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Dolan at Cannes: His new film ponders middle-aged love, among other things. (Eric Gaillard/REUTERS)
Dolan at Cannes: His new film ponders middle-aged love, among other things. (Eric Gaillard/REUTERS)

TIFF 2012

Xavier Dolan: He's 23, and his critics never forget it Add to ...

Xavier Dolan cannot remember his age. Is he 24 yet? 23? He’s 23, and his critics never forget it. Having debuted at Cannes to an eight-minute standing ovation for I Killed My Mother (2009), a film he made in his teens and now finds “dilettantish and embarrassing,” the Montreal director is perennially described as either a wunderkind or enfant terrible.

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Perhaps that’s why his new film, which had its North American premiere at the Toronto International Film Festival, feels so very adult. Following Heartbeats (2010), his portrait of preternaturally sophisticated youth, Laurence Anyways is a daring take on the topics of gender, transsexuality and impossible middle-aged love. Sublime and absurd, with lashings of style and an audacious running time of 165 minutes, it is destined to inspire a deluge of anonymous Internet commentary that takes almost as long to read.

Here, the sprightly, surprisingly funny and nearsighted Dolan sits very close to me to discuss happy memories, his favourite details and those “angry basement bloggers.”

Laurence Anyways begins in 1989, the year you were born. Is that a coincidence?

[laughs] No. It was funny for me to revisit these years through the eyes of adults, the eyes of the characters. I was 21/2 years old when we moved to Longueuil, in the suburbs of Montreal, and I remember it perfectly.

To me, the idea of suburbs …

Anguish you?

Don’t match my idea of Montreal. Are your memories colourful? Are they happy?

They are ... I mean, I chose the 1980s and 1990s not because I like costumes and colours, but because I’m nostalgic. I wanted to relive these years, and also, I thought it was interesting to end in 1999 and have the characters say things like, “In 12 years, things will be different and better.”

There was a great moment when [one of the supporting characters] says “it gets better” – um... what was the whole line?

“It gets better, my ass.”

Right. And I laughed, because you were anachronistically making fun of the It Gets Better campaign.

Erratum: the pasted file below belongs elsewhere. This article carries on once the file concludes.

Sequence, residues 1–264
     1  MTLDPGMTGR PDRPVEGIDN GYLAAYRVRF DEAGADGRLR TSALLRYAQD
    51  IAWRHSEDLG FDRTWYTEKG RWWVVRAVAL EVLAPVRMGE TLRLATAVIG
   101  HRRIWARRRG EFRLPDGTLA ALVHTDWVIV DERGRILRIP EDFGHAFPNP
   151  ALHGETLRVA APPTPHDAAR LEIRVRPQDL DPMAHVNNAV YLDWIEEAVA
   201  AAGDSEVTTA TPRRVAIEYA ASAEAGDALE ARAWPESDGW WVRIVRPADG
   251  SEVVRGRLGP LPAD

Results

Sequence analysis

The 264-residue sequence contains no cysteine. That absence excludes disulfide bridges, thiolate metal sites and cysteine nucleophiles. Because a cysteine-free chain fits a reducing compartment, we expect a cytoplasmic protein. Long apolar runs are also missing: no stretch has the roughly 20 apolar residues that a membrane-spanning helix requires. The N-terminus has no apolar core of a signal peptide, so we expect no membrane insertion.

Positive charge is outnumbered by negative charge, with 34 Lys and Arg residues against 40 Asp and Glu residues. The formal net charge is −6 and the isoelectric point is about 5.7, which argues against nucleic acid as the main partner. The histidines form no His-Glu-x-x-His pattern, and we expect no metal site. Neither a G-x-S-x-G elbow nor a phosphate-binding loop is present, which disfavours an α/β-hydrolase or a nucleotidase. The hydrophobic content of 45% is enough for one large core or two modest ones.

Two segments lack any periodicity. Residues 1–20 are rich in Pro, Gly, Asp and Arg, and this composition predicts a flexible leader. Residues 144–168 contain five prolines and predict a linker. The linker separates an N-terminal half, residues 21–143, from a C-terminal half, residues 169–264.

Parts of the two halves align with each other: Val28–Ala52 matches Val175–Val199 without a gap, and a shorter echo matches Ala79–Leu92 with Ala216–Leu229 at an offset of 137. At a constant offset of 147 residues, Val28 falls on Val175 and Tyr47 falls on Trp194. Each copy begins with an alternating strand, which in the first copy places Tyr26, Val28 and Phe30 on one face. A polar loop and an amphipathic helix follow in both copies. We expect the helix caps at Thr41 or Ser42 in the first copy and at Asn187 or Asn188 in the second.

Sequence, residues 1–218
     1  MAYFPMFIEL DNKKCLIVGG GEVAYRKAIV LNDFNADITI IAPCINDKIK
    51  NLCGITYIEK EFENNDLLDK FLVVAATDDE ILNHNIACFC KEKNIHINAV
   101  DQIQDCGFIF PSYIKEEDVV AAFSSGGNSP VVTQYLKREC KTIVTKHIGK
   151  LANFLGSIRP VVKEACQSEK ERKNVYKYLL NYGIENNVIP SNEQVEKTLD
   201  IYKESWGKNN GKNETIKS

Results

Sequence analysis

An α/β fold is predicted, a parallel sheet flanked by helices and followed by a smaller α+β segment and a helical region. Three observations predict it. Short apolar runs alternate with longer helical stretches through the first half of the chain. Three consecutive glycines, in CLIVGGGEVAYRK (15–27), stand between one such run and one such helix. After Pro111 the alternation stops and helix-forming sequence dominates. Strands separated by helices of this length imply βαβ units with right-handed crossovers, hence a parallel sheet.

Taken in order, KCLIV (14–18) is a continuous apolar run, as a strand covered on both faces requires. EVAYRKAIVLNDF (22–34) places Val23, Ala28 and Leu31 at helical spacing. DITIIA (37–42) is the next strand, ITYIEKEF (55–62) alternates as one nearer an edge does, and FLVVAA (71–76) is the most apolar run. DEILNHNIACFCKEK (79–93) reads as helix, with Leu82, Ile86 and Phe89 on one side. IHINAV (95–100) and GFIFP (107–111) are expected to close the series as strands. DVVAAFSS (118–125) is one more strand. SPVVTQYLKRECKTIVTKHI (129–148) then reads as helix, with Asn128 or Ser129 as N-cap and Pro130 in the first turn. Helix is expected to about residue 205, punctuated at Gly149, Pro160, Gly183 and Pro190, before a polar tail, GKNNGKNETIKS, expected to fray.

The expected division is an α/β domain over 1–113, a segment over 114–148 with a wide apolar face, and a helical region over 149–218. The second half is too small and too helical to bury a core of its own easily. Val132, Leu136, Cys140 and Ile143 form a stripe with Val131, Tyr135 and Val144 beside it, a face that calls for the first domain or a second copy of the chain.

I mean, how much has it changed? How much have we evolved? That’s what we suggest by basing the plot in the 1980s and 1990s.

When Laurence says, “f--- reality, I don’t want to go back to earth,” I thought maybe – if there’s one criticism of your films, it’s that they are unrealistic and overly stylized. I thought maybe this was your retort.

No, I don’t need to respond to peoples’ attacks on, or analysis through my films. Laurence, who says that, is a highly flawed character who casts himself in the role of victim. All the characters are flawed. I don’t know if that’s realistic enough for people.

I loved the dress Fred [Laurence’s girlfriend] wore at the ball, and then it came back again, near the end of the film [on the set of a movie she’d shot years before].

You’re the only person on earth who has noticed that. The movie is filled with little details like that, that very few people, if any, notice. No, I did not direct that ball scene as a treat for my [assumes facetiously poncey accent] “gay thirst for style.” People dream in life. In her head, Fred has been in a nervous breakdown for months, so when the opportunity comes to be sexy, to have fun, to meet new people, she takes that dress in her mind, puts it on and goes to a party where everybody turns around and looks at her. Of course that never happens in reality. So no, my movies are not realistic. They are a vision.

That scene was clearly fantasized.

People who don’t work in [the film] industry never talk about the style. They talk about how they cried or when they laughed or how they felt that it wasn’t long. Of course, people don’t come to tell me bad things, they write it on the Internet.

Oh God, you don’t read things on the Internet, do you?

I read every review. I don’t read anonymous angry basement bloggers. If I do, I’m gonna commit suicide at the Royal York, which is like a double suicide.

I’m interested in what people think, but I’m also irritated by the lack of imaginations. There are many ways you could criticize me for these films, but you [the bloggers] choose to do it in the easy way. You choose to tell me that I’ve got too much style and I’m a young director who emulates other directors and wants to be Wong Kar-Wai’s cosmic twin – What do you want to be?

I want to be myself. I want to do many movies and offer these films the best of my knowledge and the best of my imagination and give them the style and the fashion they deserve. It might be very ordinary style one day, depends on the story. It’s not about me. [Pause.] I’m sweating.

With passion. Is that why you’re not on-screen in Laurence Anyways? Will you act again?

In my next film, yes. It’s a psychological thriller set on a farm in Quebec, with a consenting hostage. I’m the hostage. I’m also working on a series of six [shorter] films, a hexalogue, called Ordinary People, in which I will act. That will be done by 2013, and by 2015 I should be ready to tackle the American beast.

You’re an optimist.

No, I’m determined. [laughs] And now I am the worst; I’m quoting from my own film.

 

 

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